Wednesday, January 12, 2005
Protecting Your Pet: Dental Care For Pets
Just like humans - our pets need regular dental care to remove plaque and tartar. If not taken care of - they can suffer life-threatening health problems. Health Specialist Marilyn Mitzel has more in today's protecting your pet.
WSVN -- Peepers - a Kinkajou - an exotic pet in the raccoon family always makes his dad smile.
Peter Parente, Peeper's dad: "He is my child."
He's even the main character of Peterís book.
Peter Parente: "He has the best personality. He's playful, inquisitive and loving."
But Peepers lost his grin because of major tooth trouble.
Peter Parente: "All of the sudden he started getting infections on his eyes and around his chin, all the areas around his mouth."
Other signs of problems include gnawing, drooling, difficulty eating and bad breath. Peeper's diagnosis -- four teeth had roots exposed.
Peter Parente: "Scary at first."
Dental care is a key component of our pets' health. In fact, 80 percent of cats and dogs show signs of dental disease by the age of three.
Dr. Jan Bellows from Hometown Animal Hospital: "Tartar builds up under the gums and unfortunately when bacteria build up under the gums it can spread to other organs."
Causing kidney, liver and heart problems - even shortening their life span. That's why it's vital to have their teeth examined at least once a year.
Dr. Jan Bellows: "We're looking for inflammation - areas of bone loss, gum inflammation, loose or fractured teeth."
Even cavities - which are common in cats.
Dr. Jan Bellows: "All cats over five have at least one cavity."
The vet may recommend a cleaning.
Dr. Mark Stevens from Seiler Animal Hospital: "Some animals never need a dental until eight or nine years of age. Others need it once every eight months depending on how saliva breaks down the food."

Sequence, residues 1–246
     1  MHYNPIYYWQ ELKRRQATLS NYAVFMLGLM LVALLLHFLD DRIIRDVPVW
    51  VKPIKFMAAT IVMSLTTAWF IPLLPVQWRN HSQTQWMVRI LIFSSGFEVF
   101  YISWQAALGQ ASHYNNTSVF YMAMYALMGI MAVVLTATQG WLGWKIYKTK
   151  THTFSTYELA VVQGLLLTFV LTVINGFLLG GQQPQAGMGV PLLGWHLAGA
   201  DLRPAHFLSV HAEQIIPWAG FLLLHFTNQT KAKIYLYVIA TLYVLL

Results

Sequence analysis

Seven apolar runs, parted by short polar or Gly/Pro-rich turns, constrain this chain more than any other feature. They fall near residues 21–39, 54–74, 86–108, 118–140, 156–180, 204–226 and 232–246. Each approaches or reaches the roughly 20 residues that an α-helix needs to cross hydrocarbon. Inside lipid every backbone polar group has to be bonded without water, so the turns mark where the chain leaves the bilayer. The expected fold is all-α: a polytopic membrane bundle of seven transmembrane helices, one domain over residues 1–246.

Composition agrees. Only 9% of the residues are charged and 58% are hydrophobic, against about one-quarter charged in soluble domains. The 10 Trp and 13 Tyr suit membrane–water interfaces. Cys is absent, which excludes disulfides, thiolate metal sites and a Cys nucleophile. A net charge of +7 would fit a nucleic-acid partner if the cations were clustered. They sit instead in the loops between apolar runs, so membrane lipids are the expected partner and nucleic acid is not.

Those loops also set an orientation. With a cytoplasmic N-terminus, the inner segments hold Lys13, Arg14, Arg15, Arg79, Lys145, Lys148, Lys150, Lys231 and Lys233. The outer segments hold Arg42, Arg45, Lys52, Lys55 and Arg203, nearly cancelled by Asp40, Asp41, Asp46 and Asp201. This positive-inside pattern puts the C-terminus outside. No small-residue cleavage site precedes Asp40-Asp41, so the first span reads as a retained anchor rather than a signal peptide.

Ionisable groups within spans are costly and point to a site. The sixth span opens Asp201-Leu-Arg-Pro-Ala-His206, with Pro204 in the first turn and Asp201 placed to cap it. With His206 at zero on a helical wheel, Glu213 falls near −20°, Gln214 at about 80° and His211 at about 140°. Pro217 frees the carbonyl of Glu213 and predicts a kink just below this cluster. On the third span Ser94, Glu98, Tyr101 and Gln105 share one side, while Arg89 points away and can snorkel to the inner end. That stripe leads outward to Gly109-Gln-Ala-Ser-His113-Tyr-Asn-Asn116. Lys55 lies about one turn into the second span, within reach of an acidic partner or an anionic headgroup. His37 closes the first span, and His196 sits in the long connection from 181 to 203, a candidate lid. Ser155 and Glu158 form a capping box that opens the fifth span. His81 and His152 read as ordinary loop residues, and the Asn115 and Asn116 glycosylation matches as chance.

If they do it takes less than an hour - and your pet must be under anesthesia.
Dr. Mark Stevens: "Anesthesia is a risk with humans and animals, but the risk is low."
Still -- blood and heart tests must be done prior to make sure your pet is healthy enough.
Peepers needed more work.
Dr. Jan Bellows: "What we had to do was take out the lower teeth and do a root canal on the top teeth. This is something we do everyday."
But you can help protect your pet's teeth --- it gets rid of tartar. But avoid treats like bones that are harder than the teeth because they cause fractures. If your pet let's you - examine their teeth monthly for inflammation and - try routine brushing.
There are even once-a-week products that protect plaque from attacking the teeth.
With a dental care and a lot of love - peepers is all smiles again!
Peter Parente: "Now he's doing great."
FOR MORE INFORMATION:
Dr. Jan Bellows
Hometown Animal Hospital
Dr. Mark Stevens
Seiler Animal Hospital